With today’s national crisis around race relations, it is more important than ever for our industry to ensure that Fair Housing Laws are not only adhered to, but also understood and fully embraced.
One of the first services that we provide to our new landlords is to vet perspective tenants and to do so in compliance with Fair Housing Laws. This year, Virginia expanded the number of protected classes in our state to fully encompass four additional classes – Sexual Orientation, Gender Identity, Status as a Veteran, and Source of Income. We are committed to ensuring that our application process does not discriminate against these or any of the existing protected classes. We are committed to INCLUSION and will educate our landlords whenever needed on this critical requirement.
Each year, the General Assemble passes several bills that directly impact landlords through an update of the Virginia Landlord Tenant Act (VRLTA). This year, an unusually high number of new laws will become effective July 1st. Here is a quick summary that landlords should be aware of. Please contact our office (Michele at 703-590-8109) if you have any specific questions about how your lease or rental property may be impacted.
Late fees capped – late fees are now capped at 10% of the monthly rent or 10% of the total balance due, whichever is less. This law was pushed forward on an emergency basis and has already taken effect.
Landlords can accept damage insurance instead of a security deposit – this has been a popular option in other states. Our staff will fully research available policies, coverages, and limitations so that we can advise our landlord clients.
Tenant Remedy by Repair – This bill was originated by the Poverty Law Center to protect tenants from slumlord practices. Tenants will be allowed to make repairs and deduct the cost from their rent IF AND ONLY IF the repairs impact healthy, safety, or habitability and the ...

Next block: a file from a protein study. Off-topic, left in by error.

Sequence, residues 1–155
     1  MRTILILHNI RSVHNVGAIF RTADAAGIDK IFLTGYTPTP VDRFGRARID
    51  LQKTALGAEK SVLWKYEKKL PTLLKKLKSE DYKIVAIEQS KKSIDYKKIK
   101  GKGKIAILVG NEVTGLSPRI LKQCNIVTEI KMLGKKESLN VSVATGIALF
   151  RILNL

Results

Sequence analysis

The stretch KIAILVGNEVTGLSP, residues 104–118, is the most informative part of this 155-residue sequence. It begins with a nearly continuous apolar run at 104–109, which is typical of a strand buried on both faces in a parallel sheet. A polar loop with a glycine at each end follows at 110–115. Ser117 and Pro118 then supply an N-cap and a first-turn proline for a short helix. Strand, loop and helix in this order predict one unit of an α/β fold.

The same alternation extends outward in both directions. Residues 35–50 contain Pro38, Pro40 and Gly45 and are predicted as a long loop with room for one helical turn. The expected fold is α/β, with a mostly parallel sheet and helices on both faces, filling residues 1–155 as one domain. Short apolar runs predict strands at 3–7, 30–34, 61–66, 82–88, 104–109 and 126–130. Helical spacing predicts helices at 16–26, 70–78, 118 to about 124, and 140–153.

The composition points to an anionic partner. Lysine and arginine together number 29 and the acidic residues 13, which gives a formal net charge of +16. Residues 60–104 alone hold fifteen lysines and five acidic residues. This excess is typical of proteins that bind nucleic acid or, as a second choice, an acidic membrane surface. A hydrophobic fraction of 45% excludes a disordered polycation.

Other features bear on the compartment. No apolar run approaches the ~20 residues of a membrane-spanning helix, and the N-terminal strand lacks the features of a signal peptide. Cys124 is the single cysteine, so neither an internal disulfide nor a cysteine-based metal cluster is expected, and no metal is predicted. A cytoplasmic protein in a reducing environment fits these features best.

The COVID-19 Crisis has had a direct and significant impact on real estate investors in the following ways:
Late fees cannot be charged,
Evictions can not occur for at least 4 months,
Some tenants are not able to move-out at the end of their leases,
Some tenants are refusing to allow entry for required maintenance,
Homes can not be shown to prospective tenants or buyers when occupied by tenants,
A new VA law further protects furloughed Government workers from being evicted for an additional 60 days, and
Another VA law (unrelated to COVID-19) will be effective July 1st that will allow tenants to make their own repairs and charge landlords under some scenarios.
Fortunately, less than 2% of the tenants in our managed portfolio are late with their rent payments. However, many of our managed properties are being listed for rent over the next few months and the challenges with showing occupied properties do impact those landlords. We are completely committed to maintaining our landlords’ best interests and have implemented several new policies/procedures to do just that.
As we juggle many changes and much uncertainty, our company is stable, our staff is healthy, and we continue to strive to provide excellent management services. We know that landlords are concerned with how the global pandemic may affect their tenants, their homes, and their cash flow. We are receiving lots of calls with questions from our property owners and from the residents of those properties. We are also getting calls from people who are self-managing who have no idea how to handle this situation or where to even start. We know that landlords will be relying on us more now than ever. Despite our physical office being closed, there is no reason to expect this change to affect the level of service that we strive to provide.